Roadside Environment Safety: a statistical analysis of collisions with fixed roadside objects in Victoria
This study aims to investigate the nature and extent of the problem of collisions with fixed roadside objects in Victoria using VicRoads data on casualty crashes from 1996 to 2000. The analysis is conducted in two parts, separating metropolitan Melbourne and regional Victoria.
The severity of collisions with fixed roadside objects is examined and compared with the severity of non-fixedobject collisions using a chi-squared test. The results show that the proportion of collisions resulting in fatal and serious injuries is greater for fixed-object than non-fixed-object collisions. A number of other crash characteristics are also examined including the types of objects hit, the speed zone of the crash and the types of vehicles involved in these collisions. The results from the analysis of speed indicate that the likelihood of a fatality is greater for collisions occurring at higher speeds in both metropolitan Melbourne and regional Victoria.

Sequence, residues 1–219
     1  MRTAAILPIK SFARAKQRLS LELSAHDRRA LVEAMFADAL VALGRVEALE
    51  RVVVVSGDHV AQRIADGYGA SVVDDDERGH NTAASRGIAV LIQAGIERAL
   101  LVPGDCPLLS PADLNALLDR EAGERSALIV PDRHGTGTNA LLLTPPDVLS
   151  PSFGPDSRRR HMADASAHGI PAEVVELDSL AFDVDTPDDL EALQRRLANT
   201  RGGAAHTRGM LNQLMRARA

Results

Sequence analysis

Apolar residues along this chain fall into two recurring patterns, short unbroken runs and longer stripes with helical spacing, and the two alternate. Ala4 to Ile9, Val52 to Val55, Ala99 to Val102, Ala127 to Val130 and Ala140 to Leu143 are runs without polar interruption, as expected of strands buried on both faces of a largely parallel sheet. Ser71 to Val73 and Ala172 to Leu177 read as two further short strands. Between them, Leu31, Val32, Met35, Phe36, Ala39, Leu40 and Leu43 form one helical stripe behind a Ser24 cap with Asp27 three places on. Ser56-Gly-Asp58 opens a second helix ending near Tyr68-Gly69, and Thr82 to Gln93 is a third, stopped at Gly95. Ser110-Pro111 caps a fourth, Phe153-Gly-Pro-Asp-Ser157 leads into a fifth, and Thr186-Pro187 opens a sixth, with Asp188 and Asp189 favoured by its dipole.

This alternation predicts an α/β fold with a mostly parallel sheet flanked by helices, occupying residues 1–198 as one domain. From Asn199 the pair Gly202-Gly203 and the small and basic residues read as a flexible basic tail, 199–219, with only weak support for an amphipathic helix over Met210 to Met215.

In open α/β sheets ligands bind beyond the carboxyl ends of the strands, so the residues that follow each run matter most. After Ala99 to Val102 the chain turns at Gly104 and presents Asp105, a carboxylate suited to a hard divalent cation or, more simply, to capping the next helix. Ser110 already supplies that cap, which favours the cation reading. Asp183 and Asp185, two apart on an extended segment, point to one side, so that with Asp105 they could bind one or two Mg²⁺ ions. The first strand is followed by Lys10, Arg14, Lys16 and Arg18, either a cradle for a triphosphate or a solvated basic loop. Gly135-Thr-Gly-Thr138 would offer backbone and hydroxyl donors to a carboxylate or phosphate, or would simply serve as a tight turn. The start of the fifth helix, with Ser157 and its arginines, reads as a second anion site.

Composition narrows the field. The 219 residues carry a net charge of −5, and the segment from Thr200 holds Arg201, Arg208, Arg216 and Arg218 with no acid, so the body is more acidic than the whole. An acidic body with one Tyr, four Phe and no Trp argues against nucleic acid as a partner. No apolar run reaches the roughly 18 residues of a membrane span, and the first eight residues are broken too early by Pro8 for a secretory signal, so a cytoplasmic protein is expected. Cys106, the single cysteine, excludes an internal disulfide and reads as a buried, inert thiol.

Driver characteristics such as age, licence type and BAC are examined as well as environmental characteristics including the road conditions at the time of the crash and the light and atmospheric conditions. The results of the analysis show that a number of driver characteristics and environmental factors are over-represented in collisions with fixed roadside objects including younger drivers, poor weather and road surface conditions, and night-time collisions.
This study updates previous research in this area using the most recent data available for Victoria. However, the results are limited by the length of the data set used and relate to collisions with fixed roadside objects in Victoria only.